U.S. District Court Judge Henry E. Hudson on Monday brought some closure to the almost year-long Michael Vick saga ... at least for 23 months.
Hudson sentenced the suspended Atlanta Falcons quarterback to 23 months in jail after Vick pleaded guilty to involvement in running a dogfighting operation in Surry County, Va. Vick’s sentence was longer than his codefendants’ because he lied about his involvement when he should have been coming clean, Hudson said.
Local Falcons fans, however, thought the punishment was just right, if not too short.
"I’d say I was pleasantly surprised," said Bryant Tench of Clarkesville. "It does seem that celebrities and athletes get preferential treatment. ... I was happy to see the sentencing."
"The sentence is not long enough," said Corey Black of Murrayville. "Lying to the NFL, the Falcons organization and friends is bad enough. If it was anybody other than a famous quarterback, he definitely would have gotten a longer sentence."
Vick voluntarily surrendered on Nov. 19 and started serving his sentence early. As of Monday, Vick had already served 21 days in federal prison, which will be taken out of his 23 month sentence.
John Goodwin, spokesman for the Humane Society of the United States, was also pleased with the lengthy sentence.
"I was not that surprised," Goodwin said. "I knew (Hudson) as being firm. ... He sent a strong message that dogfighting is a dead-end activity. ... I think this has put a spotlight on dogfighting. That has been a silver lining in all of this."
News of Vick’s punishment was received with more sympathy at the Falcons’ offices in Flowery Branch, where team owner Arthur Blank called the day a step in Vick’s "legal journey."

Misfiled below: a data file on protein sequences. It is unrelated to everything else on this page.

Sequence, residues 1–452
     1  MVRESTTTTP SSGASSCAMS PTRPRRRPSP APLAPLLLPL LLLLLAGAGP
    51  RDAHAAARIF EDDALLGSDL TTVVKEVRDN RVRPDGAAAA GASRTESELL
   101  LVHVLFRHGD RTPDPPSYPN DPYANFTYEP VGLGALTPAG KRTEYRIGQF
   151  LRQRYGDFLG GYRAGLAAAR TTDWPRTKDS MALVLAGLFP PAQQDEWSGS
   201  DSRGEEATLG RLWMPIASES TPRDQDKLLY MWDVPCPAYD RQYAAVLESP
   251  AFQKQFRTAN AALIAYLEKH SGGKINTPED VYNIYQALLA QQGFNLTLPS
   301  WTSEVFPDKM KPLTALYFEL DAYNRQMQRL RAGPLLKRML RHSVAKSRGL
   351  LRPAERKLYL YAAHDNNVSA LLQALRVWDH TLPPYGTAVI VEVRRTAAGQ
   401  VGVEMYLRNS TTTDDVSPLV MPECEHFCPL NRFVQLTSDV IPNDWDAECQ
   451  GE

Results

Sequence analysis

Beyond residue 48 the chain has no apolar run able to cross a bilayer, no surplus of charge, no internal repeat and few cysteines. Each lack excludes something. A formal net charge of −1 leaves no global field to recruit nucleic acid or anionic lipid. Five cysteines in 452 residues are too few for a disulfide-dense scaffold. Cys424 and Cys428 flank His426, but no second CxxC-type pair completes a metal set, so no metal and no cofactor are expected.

"This is a difficult day for Michael’s family and for a lot of us, including many of our players and fans who have been emotionally invested in Michael over the years," Blank said in a statement Monday. "We sincerely hope that Michael will use this time to continue to focus his efforts on making positive changes in his life, and we wish him well in that regard."
After serving his sentence, some Falcons fans don’t expect Vick to put on another Atlanta jersey.
"Absolutely not," Tench said when asked if he thought Vick would be a Falcon again. "Although, the season they are having shows Vick’s value to the team."
The question still remains whether or not Vick will return to the NFL at all, and the reactions are mixed.
"Yeah, he’ll play again, but he’ll never be a multimillion dollar quarterback," Black said.
Kyle Cash of Gainesville thinks he will play, but not as a quarterback. "If a team gives him a shot, I see him as a slot receiver."
At the very least, Hudson’s sentence could mean that Vick will stay out of the spotlight for the next two years. That news may be a relief to some.
"Really, I was just tired of hearing about it," Tench said.